Clash of the schoolyard bullies

Sunday’s GOP Presidential candidate debate was more of a free-for-all than a discussion of the issues as participants attacked each other, Hillary Clinton, and anything Democratic.

Then they argued among themselves over who is, or is not, a real conservative.

With the rabid right wing of the Republican Party threatening to bolt and back an as-yet unnamed third party candidate, the GOP Presidential wannabes behaved like a group of schoolyard bullies, each trying to claim they were tougher than the others.

It came off as childish, immature, and foolish.

Reports The Associated Press:

Republican front-runners Rudy Giuliani and Mitt Romney defended their conservative credentials in the face of pointed attacks from campaign rivals Sunday night in the most aggressive debate to date of the race for the White House.

“You’ve just spent the last year trying to fool people about your record. I don’t want you to start fooling them about mine,” Arizona Sen. John McCain bluntly told Romney, the former governor of Massachusetts.

Former Sen. Fred Thompson made Giuliani his target, saying the former New York mayor supported federal funding for abortion, gun control and havens for illegal immigrants.

“He sides with Hillary Clinton on each of those issues,” added Thompson, referring to the New York Democrat who leads in the polls for her party’s presidential nomination.

The clashes in the early moments of a 90-minute debate prompted former Arkansas Gov. Mike Huckabee to say he wanted no part of a “demolition derby” with others of his own party. “What I’m interested in is fighting for the American people.”

Whatever their disagreements among one another, the eight rivals agreed on one issue. They took turns criticizing Clinton, the Democratic front-runner.

Asked whether she was fit to be commander in chief, Romney replied, “I’d vote no.”

Giuliani said he agreed with one thing the former first lady said recently. “I have a million ideas. America cannot afford them all,” he quoted her as saying as laughter filled the debate hall. “I’m not making it up.”

McCain said Clinton had recently tried to spend $1 million on a Woodstock Museum, commemorating perhaps the most famous counterculture event of the 1960s.

“Now my friends I wasn’t there. I’m sure it was a cultural and pharmaceutical event,” he said.

“I was tied up at the time,” he deadpanned, and the audience rose to applaud the reference to the five and a half years McCain spent as a prisoner of war during Vietnam.

The debate was the first since Sen. Sam Brownback of Kansas dropped out of the race, winnowing the field. The remaining rivals stood on a stage at a resort 10 miles from Walt Disney World, fielding questions at an event broadcast by Fox News Channel.

The leadoff Iowa caucuses are scheduled for Jan. 3, 2008, for Republicans. In their most recent debate, Oct. 9, Giuliani and Romney swapped charges with each other, vying for primacy in the race.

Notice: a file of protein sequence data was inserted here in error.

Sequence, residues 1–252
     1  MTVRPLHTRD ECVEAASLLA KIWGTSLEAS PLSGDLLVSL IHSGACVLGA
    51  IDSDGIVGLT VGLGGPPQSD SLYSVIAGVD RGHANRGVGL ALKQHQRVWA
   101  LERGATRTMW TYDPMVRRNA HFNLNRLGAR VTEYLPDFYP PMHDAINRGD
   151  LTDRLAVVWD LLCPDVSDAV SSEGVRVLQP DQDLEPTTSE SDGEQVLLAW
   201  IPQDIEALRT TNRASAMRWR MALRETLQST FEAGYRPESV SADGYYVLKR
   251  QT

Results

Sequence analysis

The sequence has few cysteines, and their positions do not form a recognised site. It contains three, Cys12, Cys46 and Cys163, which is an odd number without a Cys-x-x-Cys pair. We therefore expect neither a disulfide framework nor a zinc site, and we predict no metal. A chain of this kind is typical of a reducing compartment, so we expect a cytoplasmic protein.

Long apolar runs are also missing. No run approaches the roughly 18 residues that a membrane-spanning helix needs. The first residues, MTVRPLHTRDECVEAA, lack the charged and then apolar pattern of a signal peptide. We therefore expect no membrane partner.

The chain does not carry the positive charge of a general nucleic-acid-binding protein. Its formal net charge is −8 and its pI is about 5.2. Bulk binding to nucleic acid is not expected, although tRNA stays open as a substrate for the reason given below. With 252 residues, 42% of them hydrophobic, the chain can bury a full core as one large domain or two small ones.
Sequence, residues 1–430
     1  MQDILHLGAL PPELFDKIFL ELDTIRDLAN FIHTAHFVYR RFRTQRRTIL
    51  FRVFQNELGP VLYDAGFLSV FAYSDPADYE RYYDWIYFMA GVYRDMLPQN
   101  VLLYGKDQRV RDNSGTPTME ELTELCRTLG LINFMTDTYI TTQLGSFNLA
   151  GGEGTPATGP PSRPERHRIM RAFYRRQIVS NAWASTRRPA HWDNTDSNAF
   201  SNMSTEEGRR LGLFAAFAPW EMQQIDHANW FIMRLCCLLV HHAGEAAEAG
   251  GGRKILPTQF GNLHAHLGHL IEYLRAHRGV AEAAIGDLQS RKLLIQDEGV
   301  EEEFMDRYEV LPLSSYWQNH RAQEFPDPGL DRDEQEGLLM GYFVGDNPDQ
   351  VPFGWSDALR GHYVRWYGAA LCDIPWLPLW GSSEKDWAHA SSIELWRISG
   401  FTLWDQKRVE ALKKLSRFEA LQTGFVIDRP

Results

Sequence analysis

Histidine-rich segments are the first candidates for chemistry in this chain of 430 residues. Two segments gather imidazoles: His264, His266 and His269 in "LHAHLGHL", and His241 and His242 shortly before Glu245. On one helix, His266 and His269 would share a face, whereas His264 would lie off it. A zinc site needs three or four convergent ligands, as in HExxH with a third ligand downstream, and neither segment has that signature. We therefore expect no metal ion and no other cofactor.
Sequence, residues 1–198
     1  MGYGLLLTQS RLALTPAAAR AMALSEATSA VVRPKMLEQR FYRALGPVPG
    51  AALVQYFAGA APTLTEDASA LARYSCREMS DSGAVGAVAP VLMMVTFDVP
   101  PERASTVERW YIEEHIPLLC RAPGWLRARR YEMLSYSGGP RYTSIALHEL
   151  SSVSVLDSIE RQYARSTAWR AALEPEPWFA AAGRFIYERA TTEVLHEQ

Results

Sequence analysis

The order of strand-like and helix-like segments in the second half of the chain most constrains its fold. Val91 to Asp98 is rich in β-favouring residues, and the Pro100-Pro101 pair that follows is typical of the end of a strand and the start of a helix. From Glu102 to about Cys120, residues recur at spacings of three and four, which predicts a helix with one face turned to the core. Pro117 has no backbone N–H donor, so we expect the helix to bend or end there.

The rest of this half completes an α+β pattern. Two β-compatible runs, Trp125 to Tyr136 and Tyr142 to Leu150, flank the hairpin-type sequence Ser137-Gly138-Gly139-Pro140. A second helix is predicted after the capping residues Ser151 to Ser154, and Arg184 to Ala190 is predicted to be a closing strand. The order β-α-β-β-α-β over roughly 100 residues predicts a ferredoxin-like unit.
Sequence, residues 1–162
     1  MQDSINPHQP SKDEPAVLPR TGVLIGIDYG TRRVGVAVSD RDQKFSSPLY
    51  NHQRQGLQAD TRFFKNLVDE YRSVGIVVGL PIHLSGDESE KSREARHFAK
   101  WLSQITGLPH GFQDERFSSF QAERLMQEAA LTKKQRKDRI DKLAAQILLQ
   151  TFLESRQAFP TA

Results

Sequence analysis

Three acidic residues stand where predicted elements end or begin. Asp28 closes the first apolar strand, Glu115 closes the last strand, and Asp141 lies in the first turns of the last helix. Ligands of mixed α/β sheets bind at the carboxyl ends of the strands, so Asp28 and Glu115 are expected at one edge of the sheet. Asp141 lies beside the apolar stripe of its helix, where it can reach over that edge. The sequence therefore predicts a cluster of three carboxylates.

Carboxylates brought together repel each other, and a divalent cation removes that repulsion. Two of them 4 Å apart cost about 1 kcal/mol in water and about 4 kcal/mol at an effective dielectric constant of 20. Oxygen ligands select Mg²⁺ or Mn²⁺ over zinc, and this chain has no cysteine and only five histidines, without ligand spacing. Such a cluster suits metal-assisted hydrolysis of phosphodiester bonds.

This time they largely ignored each other. Instead, Giuliani’s lead in the nation polls, as well as Romney’s perceived strength in early voting states, made them obvious targets for McCain and Thompson.

The first question went to Giuliani, asked whether he was more conservative than Thompson. “I can’t comment on Fred,” the former mayor said.

He then added that he had brought down crime, cleaned up Times Square, cut taxes and eliminated the city’s deficits. “I think that was a pretty darned good conservative record,” he said.

Giuliani took a more conservative position on gay marriage than he has thus far, saying he would support a constitutional amendment banning gay marriage if states begin to legalize it.

Giuliani lived with an openly gay couple after separating from his second wife, Donna Hanover, and one member of the couple said at the time that Giuliani promised to marry them if gay marriage was ever legalized.

Attacked by the former Tennessee senator moments later, Giuliani fired back at his antagonist. “Fred has problems, too,” he said. He said Thompson was the “single biggest obstacle” in the Senate to legislation limiting the ability of individuals filing lawsuits to recover unlimited damages.

“He stood with the Democrats over and over again” on the issue, Giuliani added.

Thompson said he believed states should decide whether to limit lawsuits in their own states.

Republicans in Congress tried for years to pass legislation that would cap damages in lawsuits, but never succeeded before losing their majority to Democrats in 2006.

Romney was asked about McCain’s earlier claims that he had shifted positions on a number of issues to appeal to conservative Republicans.

The former Massachusetts governor responded that he was proud of his record, particularly since the state had an overwhelmingly Democratic Legislature. “I fought to make sure we kept our taxes down. I fought for pro-growth strategies. I cut taxes,” he said.

Moments later, though, McCain personally turned on Romney.

“Governor Romney, you’ve been spending the last year trying to fool people about your record. I don’t want you to start fooling them about mine,” he said.

Saying he would run on his record as a conservative, McCain added, “I don’t think you can fool the American people. I think the first thing you’d need is their respect.”

The Washington Post version:

The leading Republican presidential candidates staged their most contentious and personal debate of the long campaign season here Sunday night, clashing sharply over abortion, immigration, tort reform and their readiness to challenge Sen. Hillary Rodham Clinton (D-N.Y.) in a general election.

The debate’s opening minutes included a series of personal exchanges that illustrated the growing stakes in the nominating battle and set the tone for the 90-minute encounter. Former New York mayor Rudolph W. Giuliani and former Massachusetts governor Mitt Romney were quickly put on the defensive, fending off criticism leveled by former senator Fred D. Thompson (Tenn.), who questioned their conservative credentials.